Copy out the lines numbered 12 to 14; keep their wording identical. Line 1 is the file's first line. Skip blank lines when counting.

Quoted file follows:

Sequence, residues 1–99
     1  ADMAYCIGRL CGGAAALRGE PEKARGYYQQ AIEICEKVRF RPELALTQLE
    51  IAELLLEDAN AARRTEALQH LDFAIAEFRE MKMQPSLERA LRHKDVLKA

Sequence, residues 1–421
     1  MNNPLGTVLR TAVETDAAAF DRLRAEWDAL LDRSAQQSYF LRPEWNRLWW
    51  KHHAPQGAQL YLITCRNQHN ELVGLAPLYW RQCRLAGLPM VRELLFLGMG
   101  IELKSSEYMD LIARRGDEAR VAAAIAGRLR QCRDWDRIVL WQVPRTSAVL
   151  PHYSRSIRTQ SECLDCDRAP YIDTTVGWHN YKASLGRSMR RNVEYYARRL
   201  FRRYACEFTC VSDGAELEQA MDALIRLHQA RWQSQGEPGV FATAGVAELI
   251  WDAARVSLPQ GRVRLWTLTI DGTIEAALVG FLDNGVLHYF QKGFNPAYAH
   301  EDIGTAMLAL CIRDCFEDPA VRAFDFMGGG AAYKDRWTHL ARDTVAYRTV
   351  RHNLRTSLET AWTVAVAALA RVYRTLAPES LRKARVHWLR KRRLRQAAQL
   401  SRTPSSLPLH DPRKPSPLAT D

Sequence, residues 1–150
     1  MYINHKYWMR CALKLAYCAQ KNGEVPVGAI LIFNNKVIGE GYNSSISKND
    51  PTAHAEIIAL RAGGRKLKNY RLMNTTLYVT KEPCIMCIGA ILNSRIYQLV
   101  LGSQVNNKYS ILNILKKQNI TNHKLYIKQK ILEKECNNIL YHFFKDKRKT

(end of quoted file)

   351  RHNLRTSLET AWTVAVAALA RVYRTLAPES LRKARVHWLR KRRLRQAAQL
   401  SRTPSSLPLH DPRKPSPLAT D

Sequence, residues 1–150